Rapid responses are electronic comments to the editor. They enable our users to debate issues raised in articles published on bmj.com. A rapid response is first posted online. If you need the URL (web address) of an individual response, simply click on the response headline and copy the URL from the browser window. A proportion of responses will, after editing, be published online and in the print journal as letters, which are indexed in PubMed. Rapid responses are not indexed in PubMed and they are not journal articles. The BMJ reserves the right to remove responses which are being wilfully misrepresented as published articles.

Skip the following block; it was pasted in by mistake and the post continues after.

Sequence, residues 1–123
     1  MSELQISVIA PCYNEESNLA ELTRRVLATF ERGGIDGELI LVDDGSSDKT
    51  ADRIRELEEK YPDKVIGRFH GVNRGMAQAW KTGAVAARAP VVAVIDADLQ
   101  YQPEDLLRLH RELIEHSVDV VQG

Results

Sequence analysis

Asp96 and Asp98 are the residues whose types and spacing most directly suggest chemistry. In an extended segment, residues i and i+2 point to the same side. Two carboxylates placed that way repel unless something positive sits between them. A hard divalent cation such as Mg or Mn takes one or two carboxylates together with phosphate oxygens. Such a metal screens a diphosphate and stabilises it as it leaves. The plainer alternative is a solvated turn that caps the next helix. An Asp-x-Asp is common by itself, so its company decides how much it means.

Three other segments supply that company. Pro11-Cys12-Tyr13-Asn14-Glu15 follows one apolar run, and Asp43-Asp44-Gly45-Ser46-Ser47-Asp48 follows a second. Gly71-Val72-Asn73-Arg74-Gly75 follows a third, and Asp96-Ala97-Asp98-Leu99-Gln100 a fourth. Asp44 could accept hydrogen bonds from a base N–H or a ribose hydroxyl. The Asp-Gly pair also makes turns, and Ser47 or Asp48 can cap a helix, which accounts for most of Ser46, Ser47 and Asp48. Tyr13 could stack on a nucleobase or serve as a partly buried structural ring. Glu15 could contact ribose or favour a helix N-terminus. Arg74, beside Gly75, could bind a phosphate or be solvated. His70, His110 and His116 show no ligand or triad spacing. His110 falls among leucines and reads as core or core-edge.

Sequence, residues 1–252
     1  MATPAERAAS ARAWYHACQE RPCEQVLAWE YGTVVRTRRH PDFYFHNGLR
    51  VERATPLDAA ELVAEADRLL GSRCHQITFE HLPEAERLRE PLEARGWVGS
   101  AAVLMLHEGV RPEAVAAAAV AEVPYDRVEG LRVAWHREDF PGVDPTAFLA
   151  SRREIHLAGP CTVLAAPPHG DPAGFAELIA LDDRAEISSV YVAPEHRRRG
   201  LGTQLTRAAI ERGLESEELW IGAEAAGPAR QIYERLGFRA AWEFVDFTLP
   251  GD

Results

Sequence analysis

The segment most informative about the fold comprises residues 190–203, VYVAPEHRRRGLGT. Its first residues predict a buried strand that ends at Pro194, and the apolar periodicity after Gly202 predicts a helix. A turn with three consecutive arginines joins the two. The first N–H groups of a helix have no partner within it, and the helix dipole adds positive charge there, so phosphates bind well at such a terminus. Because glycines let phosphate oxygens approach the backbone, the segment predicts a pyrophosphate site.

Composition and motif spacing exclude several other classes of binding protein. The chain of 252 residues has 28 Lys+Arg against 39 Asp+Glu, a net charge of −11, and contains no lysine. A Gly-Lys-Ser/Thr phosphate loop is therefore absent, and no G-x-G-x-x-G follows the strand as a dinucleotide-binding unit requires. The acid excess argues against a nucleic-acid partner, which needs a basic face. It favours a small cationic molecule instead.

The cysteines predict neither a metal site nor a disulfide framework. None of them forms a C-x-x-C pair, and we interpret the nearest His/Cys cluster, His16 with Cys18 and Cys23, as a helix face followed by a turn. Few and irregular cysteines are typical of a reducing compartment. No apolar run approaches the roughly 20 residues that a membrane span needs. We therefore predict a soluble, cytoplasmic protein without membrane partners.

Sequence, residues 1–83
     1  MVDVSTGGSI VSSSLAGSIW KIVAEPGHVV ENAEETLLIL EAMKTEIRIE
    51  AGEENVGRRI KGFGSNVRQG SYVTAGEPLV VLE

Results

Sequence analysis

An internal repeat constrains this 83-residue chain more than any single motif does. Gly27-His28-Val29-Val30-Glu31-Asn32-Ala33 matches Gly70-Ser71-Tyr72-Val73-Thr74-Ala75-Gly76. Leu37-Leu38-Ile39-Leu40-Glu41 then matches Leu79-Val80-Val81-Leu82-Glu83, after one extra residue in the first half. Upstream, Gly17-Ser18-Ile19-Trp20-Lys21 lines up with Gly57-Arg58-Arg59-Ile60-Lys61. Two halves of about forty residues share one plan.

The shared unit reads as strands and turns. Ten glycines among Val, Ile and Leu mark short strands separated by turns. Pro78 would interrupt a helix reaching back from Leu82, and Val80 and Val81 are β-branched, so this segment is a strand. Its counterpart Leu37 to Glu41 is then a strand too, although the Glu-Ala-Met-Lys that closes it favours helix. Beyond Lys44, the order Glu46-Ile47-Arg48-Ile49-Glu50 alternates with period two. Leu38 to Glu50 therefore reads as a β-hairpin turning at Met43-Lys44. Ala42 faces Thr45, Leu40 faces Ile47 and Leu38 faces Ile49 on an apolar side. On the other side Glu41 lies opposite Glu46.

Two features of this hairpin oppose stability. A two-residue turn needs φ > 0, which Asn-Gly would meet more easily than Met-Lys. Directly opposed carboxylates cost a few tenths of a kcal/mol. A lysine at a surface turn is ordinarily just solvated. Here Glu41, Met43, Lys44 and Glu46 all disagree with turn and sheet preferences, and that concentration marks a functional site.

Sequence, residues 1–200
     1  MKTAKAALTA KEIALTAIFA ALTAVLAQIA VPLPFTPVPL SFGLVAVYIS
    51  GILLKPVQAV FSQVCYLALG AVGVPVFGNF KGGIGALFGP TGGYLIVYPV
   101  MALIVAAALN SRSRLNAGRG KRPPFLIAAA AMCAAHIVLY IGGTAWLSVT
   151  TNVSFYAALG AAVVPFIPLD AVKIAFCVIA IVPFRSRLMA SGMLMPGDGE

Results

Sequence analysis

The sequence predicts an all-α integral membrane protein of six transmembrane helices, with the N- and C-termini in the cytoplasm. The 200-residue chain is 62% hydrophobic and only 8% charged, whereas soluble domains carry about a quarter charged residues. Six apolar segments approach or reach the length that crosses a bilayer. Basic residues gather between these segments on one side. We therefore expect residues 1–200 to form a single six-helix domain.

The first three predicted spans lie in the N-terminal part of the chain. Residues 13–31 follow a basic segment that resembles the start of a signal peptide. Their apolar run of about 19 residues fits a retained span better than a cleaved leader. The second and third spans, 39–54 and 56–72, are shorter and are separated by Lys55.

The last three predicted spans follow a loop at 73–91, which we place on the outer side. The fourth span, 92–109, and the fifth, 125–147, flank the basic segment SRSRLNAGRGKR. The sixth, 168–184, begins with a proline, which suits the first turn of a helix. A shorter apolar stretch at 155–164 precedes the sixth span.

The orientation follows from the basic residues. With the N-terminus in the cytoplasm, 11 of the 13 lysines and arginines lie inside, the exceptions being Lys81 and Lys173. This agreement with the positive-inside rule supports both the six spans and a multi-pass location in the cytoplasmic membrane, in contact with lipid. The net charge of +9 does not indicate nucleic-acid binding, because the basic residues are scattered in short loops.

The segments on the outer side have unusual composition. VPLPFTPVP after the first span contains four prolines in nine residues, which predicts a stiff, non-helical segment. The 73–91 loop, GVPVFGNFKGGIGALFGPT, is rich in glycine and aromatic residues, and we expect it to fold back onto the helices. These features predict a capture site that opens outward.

The most recent edition of the BMJ lay open on the kitchen table. A picture of the progesterone-only pill (Cerazette) next to the headline "oestrogen-containing contraceptives may raise vitamin D" caught the eye of a non-medical family member. Aware that she must not take oestrogen-containing contraception, in light of a history of migraine with aura, it caused concern and confusion. After reassurance, she did not discontinue her pill; however, it highlights how media images and headlines have the power to influence patients' beliefs and their actions.